The Atlantic Alliance After Afghanistan
The transatlantic alliance is enjoying a period of restoration following the damage done by former US President Donald Trump. But as the West’s messy exit from Afghanistan has made clear, the United States and its European allies must undertake determined efforts to prepare for the formidable challenges it now faces.
FRANKFURT/WASHINGTON, DC – Transatlantic relations rebounded buoyantly after US President Joe Biden arrived in the Oval Office. But the Taliban’s rapid takeover in Afghanistan and the chaotic evacuation of foreign nationals and at-risk Afghans has soured the mood. European disquiet over Biden’s handling of the Afghan withdrawal, alongside Germany’s forthcoming federal election on September 26, makes this an opportune moment to take stock of the Atlantic alliance.
Four fundamental geopolitical changes are reshaping transatlantic relations. First, although the transatlantic link survived Donald Trump, his presidency (and near re-election), coupled with the illiberal populism that also infects Europe, has exposed the fragility of liberal democracy in its historical bastions. This internal menace, rather than China, Russia, or violent extremism, may pose the greatest threat to the transatlantic community today.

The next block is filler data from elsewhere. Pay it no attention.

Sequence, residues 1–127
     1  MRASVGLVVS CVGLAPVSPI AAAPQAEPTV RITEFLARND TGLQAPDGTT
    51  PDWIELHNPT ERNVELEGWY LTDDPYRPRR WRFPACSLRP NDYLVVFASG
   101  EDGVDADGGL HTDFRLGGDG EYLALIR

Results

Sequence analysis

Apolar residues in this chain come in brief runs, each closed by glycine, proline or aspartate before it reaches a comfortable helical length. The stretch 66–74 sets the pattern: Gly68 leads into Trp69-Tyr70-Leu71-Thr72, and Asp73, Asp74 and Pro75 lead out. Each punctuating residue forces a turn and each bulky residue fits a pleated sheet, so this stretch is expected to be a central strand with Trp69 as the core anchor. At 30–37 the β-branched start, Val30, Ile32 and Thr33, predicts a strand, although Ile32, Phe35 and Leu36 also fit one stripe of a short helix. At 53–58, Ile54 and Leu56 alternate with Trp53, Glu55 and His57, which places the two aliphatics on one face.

Second, even though Biden’s election has reinvigorated Atlanticism, the domestic foundations of US internationalism have weakened considerably. NATO allies perceive the United States’ too-hasty withdrawal from Afghanistan as a worrying sign that Biden’s “foreign policy for the middle class” means a focus on the home front and a continuing US retrenchment in the broader Middle East. Moreover, America’s strategic preoccupation with China could mean less US attention and resources for Europe, and imply an expectation that Europeans will do more to provide for their own security.